Instagram is making it a lot simpler for people to buy things they come across in their feed.
Beginning Tuesday, when people decide to buy a product from a brand or retailer on Instagram, they’ll be able to pay for that product inside the app instead of leaving Instagram to finish the transaction on a retailer’s website. Instagram will keep a small cut of the sale for facilitating the purchase, and it’s partnering with PayPal to process the payments.
The idea is simple: The fewer steps it takes to complete a purchase, the more likely people will complete the process.
“I love shopping, and it sucks on mobile,” Ashley Yuki, the Instagram product exec who is in charge of shopping, said in an interview with Recode. Between jumping from apps like Instagram to a retailer’s website, to entering credit card and shipping info, the number of steps it takes to buy something online is just too cumbersome, she says. “I think people abandon [shopping] flows now. I know I do. You just kind of give up.”
That’s what Instagram hopes to solve with its new checkout feature. Users will have a credit card and shipping address stored on the app, which means purchases will require a few taps, not a few minutes.
Historically, Instagram has been content to serve as a traffic cop when it comes to shopping — it will show people products through a feature the company calls “shopping tags,” but then it directs them to a retailer facilitating the transaction. Vishal Shah, Instagram’s now head of product, told Recode in 2016 that it didn’t want to be “in your face” about shopping.
But that thinking has evolved as shopping on Instagram has gotten bigger. Yuki says 130 million people look at product tags each month inside the app, up from just 90 million in September. Shopping simply feels like too big of an opportunity to pass up, she says, especially considering no one has really nailed mobile shopping yet. “There’s just so much potential,” Yuki added.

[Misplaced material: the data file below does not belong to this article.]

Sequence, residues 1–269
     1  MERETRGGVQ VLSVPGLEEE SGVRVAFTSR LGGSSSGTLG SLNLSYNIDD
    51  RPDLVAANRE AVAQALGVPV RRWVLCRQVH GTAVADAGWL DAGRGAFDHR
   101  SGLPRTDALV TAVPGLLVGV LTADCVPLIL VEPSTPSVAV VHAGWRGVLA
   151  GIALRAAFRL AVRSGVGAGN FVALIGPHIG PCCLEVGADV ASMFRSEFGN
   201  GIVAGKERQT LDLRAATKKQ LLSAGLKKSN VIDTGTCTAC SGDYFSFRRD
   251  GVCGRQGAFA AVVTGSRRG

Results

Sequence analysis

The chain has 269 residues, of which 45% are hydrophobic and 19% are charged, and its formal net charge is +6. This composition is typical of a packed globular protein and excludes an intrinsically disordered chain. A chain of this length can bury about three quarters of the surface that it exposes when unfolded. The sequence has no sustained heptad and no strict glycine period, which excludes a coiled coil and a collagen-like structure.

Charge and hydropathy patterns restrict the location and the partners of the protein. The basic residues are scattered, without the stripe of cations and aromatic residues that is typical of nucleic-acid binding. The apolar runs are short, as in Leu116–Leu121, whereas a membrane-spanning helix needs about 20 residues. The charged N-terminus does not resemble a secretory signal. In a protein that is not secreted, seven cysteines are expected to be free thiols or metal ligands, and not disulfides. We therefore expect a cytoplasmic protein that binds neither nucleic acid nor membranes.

Instagram isn’t just doing this out of concern for your online shopping woes. There are benefits to Instagram, too, including potential revenue.
The company will take a cut of each transaction, what it’s calling a “selling fee.” Instagram won’t say how much it’s going to take, but even a small fee could add to the company’s business growth — an incentive considering parent company Facebook’s revenue growth has been slowing. Even if the fees don’t provide much at all, it’s likely Instagram will eventually let retailers promote these shopping posts (though they can’t at launch). If indeed people are more likely to buy thanks to the direct checkout feature, those ads could be lucrative.
There’s also a data element. Any information collected as part of a transaction could be used to supplement Facebook’s advertising business, Yuki confirmed. That probably doesn’t matter now — Instagram likely already knows what products you are buying online based on its third-party data collection — but collecting that data right inside the Facebook app is even simpler and potentially more valuable in that it cuts out the middle man.
Eventually, Yuki would love Instagram to become a de facto shopping destination: a service that brings you all the brands and personalization you want, but that doesn’t require you to download and navigate a bunch of different retailer apps.
“It drives me nuts that I have to download like 10 different retailer’s apps and can’t see them all cross-cut with each other the way I would at a mall if I was just walking around,” she said. “It just takes so much time. It’s not fun.”
Instagram recently started putting products inside the “explore” section of the app, where users can search for new people and brands to follow. The Verge has also reported that Instagram is building a standalone shopping app, though it hasn’t been launched and the company hasn’t confirmed it is happening. One argument against that idea is that asking people to download a separate app just to shop might defeat the purpose.
Yuki didn’t say yes to a standalone shopping app, but she didn’t say no, either.
“There are a lot of steps that come before you take that kind of step,” she said when asked, “especially in this world where people are already coming to Instagram in the existing product to shop.”
The new checkout feature will only work with a limited group of about 20 partner retailers and brands to start, including Burberry, Michael Kors, Nike, and Warby Parker. It will roll out to people in the US over the coming weeks.
This article originally appeared on Recode.net.